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If most receiving States are already bound by a prohibition of torture by treaty law as well as international customary law of jus cogens quality, what is the added value of a diplomatic assurance? This paper argues that the assurance may add a layer of bilateral obligation to the multilateral obligation erga omnes. It is not inherently more or less binding than universal obligations; the difference lies in available enforcement options. Within the framework of diplomatic assurance, sending States can dictate conditions of monitoring and enforcement that do not follow from existing obligations. This determines whether there is an added value and whether in the individual case an assurance can cancel a risk of prohibited treatment. By elevating an individual case to the diplomatic level, it gains significance. By the same move, however, it becomes vulnerable to the exigencies of foreign relations.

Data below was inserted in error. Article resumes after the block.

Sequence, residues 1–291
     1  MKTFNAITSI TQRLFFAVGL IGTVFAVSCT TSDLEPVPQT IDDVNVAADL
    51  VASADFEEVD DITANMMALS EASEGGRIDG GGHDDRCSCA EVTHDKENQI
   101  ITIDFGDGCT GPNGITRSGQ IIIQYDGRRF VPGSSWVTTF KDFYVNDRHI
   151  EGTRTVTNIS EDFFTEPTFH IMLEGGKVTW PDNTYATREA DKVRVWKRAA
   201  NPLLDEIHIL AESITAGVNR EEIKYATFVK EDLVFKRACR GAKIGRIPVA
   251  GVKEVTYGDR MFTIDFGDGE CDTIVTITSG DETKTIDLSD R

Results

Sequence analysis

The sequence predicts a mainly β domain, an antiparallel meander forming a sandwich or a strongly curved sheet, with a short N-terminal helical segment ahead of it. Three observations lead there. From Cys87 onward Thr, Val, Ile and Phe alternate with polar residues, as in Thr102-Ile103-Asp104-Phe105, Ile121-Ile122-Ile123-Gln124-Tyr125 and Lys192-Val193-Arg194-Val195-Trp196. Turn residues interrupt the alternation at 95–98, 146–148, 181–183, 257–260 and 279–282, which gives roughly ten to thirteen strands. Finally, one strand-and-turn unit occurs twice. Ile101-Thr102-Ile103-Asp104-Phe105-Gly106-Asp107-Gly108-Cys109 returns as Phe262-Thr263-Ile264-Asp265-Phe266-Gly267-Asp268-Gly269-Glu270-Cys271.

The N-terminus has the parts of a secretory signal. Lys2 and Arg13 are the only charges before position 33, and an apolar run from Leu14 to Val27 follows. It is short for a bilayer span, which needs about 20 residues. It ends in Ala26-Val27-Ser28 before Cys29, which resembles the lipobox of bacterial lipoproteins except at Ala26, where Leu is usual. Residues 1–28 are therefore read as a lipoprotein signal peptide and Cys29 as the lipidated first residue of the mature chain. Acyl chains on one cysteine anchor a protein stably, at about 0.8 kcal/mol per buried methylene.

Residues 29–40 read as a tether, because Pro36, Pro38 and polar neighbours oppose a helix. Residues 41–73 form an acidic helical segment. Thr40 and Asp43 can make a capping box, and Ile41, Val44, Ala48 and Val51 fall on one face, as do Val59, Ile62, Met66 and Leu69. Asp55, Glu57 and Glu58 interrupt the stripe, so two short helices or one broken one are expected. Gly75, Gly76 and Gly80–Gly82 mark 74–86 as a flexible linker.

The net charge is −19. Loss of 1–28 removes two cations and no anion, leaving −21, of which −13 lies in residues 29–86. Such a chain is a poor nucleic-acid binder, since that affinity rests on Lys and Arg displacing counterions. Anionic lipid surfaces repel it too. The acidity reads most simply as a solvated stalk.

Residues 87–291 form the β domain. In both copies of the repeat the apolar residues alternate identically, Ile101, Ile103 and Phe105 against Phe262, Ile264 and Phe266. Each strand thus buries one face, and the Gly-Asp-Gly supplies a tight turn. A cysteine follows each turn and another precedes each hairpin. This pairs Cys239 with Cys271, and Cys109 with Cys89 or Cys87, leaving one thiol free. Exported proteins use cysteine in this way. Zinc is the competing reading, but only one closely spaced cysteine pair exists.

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Refugee Studies Centre

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